India, Israel, and Palestine
19/05/2021

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Context:

  • Recently, India’s permanent representative to the United Nations, T S Tirumurti, made a carefully crafted statement at the UN Security Council “open debate” on the escalating Israel-Palestine violence, striving to maintain balance between India’s historic ties with Palestine and its blossoming relations with Israel.

About:

  • The statement, the first India has made on the issue, appears to implicitly hold Israel responsible for triggering the current cycle of violence by locating its beginnings in East Jerusalem rather than from Gaza.
  • The request that both sides refrain from “attempts to unilaterally change the existing status quo including in East Jerusalem and its neighbourhoods” seems to be a message to Israel about its settler policy.
  • The statement was also emphatic that “the historic status quo at the holy places of Jerusalem including the Haraml al Sharif/Temple Mount must be respected”.
  • The site, administered by Jordan, is revered in both Islam and Judaism. Jewish worshippers are not allowed inside but have often tried to enter forcibly.
  • India’s policy on the longest running conflict in the world has gone from being unequivocally pro-Palestine for the first four decades, to a tense balancing act with its three-decade-old friendly ties with Israel. In recent years, India’s position has also been perceived as pro-Israel.

From Nehru to Rao

  • In 1953, consulate in Mumbai was established mainly for issuing visas to the Indian Jewish community, and to Christian pilgrims. This too shut down in 1982, when India expelled the Consul General for criticising India’s foreign policy in a newspaper interview. It was permitted to reopen only six years later.
  • In 1948, India was the only non-Arab-state among 13 countries that voted against the UN partition plan of Palestine in the General Assembly that led to the creation of Israel.
  • The opening of an Indian embassy in Tel Aviv in January 1992 marked an end to four decades of giving Israel the cold shoulder.

Changes after 2014

  • India-Israel relationship continued to grow, mostly through defence deals, and in sectors such as science and technology and agriculture. But India never acknowledged the relationship fully.
  • After 2014, the new phase came with an abstention by India at the UN Human Rights Council on a resolution welcoming a report by the HRC High Commissioner.

East Jerusalem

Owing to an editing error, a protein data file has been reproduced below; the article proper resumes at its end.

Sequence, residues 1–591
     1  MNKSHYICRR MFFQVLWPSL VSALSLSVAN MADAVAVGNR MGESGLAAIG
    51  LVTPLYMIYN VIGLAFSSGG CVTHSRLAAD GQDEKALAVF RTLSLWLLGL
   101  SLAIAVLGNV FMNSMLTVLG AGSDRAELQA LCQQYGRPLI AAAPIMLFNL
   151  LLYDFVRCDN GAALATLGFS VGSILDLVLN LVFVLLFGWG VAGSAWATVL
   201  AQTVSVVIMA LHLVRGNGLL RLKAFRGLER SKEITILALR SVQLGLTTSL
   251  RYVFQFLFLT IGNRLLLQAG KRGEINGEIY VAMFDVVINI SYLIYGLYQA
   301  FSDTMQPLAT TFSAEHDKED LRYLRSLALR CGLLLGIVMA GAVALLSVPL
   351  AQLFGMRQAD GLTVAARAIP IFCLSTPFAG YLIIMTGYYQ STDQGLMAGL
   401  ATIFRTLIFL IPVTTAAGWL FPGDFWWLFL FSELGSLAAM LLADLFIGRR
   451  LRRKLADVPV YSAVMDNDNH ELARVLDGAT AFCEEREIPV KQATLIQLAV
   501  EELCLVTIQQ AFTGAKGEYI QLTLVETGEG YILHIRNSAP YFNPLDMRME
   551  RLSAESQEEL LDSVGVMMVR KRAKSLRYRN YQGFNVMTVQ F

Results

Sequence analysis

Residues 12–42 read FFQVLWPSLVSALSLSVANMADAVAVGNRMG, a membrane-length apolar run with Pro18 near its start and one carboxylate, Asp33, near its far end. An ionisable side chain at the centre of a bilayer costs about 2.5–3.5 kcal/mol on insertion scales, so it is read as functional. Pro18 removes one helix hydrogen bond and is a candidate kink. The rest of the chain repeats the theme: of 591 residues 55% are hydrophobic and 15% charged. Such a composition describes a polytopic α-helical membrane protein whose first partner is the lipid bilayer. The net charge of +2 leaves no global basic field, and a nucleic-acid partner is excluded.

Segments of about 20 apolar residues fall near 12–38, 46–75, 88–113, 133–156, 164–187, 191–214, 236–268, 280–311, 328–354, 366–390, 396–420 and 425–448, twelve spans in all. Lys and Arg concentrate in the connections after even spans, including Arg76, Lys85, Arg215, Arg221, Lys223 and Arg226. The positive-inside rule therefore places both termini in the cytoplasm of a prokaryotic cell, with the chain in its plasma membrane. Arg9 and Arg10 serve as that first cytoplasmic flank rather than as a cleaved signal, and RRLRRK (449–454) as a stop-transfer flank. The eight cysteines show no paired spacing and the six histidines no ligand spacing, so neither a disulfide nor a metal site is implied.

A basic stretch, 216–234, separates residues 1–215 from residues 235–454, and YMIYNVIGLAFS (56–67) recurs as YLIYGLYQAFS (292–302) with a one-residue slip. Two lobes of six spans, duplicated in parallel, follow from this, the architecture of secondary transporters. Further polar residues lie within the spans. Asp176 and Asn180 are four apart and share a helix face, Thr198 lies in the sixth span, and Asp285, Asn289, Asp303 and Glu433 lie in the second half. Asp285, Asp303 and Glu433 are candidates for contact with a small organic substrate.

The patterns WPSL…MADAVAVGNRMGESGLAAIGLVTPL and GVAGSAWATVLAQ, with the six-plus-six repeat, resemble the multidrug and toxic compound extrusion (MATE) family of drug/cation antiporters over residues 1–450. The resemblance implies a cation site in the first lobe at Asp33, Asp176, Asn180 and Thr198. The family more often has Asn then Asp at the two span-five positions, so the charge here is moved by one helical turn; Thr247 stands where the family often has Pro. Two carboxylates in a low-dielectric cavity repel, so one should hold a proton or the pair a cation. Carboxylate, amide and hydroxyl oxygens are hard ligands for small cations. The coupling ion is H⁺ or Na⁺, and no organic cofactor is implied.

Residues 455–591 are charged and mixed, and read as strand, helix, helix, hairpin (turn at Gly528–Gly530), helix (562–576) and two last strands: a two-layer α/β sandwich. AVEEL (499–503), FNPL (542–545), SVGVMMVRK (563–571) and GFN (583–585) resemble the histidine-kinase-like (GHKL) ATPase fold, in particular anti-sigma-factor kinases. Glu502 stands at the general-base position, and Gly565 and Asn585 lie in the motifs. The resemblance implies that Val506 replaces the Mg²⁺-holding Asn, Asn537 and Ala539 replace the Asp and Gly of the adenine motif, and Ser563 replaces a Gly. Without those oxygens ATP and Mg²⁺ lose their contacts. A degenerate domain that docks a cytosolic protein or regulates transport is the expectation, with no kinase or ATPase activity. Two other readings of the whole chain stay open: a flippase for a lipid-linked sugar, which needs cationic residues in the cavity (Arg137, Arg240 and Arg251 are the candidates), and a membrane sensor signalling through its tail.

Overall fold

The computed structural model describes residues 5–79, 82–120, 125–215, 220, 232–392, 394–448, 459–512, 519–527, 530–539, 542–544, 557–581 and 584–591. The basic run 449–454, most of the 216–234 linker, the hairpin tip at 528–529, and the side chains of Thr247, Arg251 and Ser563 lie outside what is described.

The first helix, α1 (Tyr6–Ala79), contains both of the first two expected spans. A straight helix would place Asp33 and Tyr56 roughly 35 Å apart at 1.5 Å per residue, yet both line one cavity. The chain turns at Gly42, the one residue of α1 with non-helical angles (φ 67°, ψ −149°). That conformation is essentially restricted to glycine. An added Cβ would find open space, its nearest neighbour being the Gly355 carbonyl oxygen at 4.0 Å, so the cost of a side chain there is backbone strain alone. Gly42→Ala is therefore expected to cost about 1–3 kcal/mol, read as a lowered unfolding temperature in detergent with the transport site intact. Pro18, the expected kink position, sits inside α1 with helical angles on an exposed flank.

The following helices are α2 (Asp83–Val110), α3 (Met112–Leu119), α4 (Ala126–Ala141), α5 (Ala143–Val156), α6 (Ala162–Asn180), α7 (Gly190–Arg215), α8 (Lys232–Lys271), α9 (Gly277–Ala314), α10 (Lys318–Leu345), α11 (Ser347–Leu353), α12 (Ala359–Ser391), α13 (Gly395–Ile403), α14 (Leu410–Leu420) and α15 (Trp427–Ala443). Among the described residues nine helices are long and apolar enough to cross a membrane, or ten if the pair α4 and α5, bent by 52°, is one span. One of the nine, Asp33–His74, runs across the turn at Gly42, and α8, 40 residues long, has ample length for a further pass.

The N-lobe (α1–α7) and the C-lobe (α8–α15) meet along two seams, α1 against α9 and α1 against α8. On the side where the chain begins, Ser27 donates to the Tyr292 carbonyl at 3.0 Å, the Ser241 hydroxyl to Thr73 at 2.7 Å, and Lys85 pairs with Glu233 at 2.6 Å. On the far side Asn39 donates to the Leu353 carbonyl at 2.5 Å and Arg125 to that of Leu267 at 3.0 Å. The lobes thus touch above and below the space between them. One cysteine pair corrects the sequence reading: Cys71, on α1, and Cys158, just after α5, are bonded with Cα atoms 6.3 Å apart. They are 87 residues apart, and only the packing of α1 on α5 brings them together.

• Pranab Mukherjee, who in 2015 became the first Indian President to visit Israel, with a first stop at Ramallah, had also reiterated India’s position on the city as the capital of an independent Palestine.
  • In February 2018, Modi became the first Indian Prime Minister to visit Israel. His itinerary did not include Ramallah. The word then was that India had “de-hyphenated” the Israel-Palestine relationship, and would deal with each separately.
  • Meanwhile, India continues to improve ties with Arab countries, especially Saudi Arabia and the UAE, and feels vindicated by the decision of some Arab states to improve ties with Israel.

Balancing act

  • In fact, the de-hypenhation is a careful balancing act, with India shifting from one side to another as the situation demands.
  • For instance, even as it abstained at UNESCO in December 2017, India voted in favour of a resolution in the General Assembly opposing the Trump administration’s recognition of Jerusalem as the Israeli capital.
  • At the UNHRC’s 46th session in Geneva earlier in 2021, India voted against Israel in three resolutions – one on the right of self-determination of the Palestinian people, a second on Israeli settlement policy, and a third on the human rights situation in the Golan Heights.
  • It abstained on a fourth, which asked for an UNHRC report on the human right situation in Palestine, including East Jerusalem.
  • In February, the International Criminal Court claimed jurisdiction to investigate human rights abuses in Palestinian territory including West Bank and Gaza and named both Israeli security forces and Hamas as perpetrators.
  • Prime Minister Netanyahu wanted India, which does not recognise the ICC, to take a stand against it on the issue, and was surprised when it was not forthcoming.
  • That is because India’s own balancing act is a constant work of progress. The latest statement is no different. Though it was not pro Palestine, it hardly pleased Israel.
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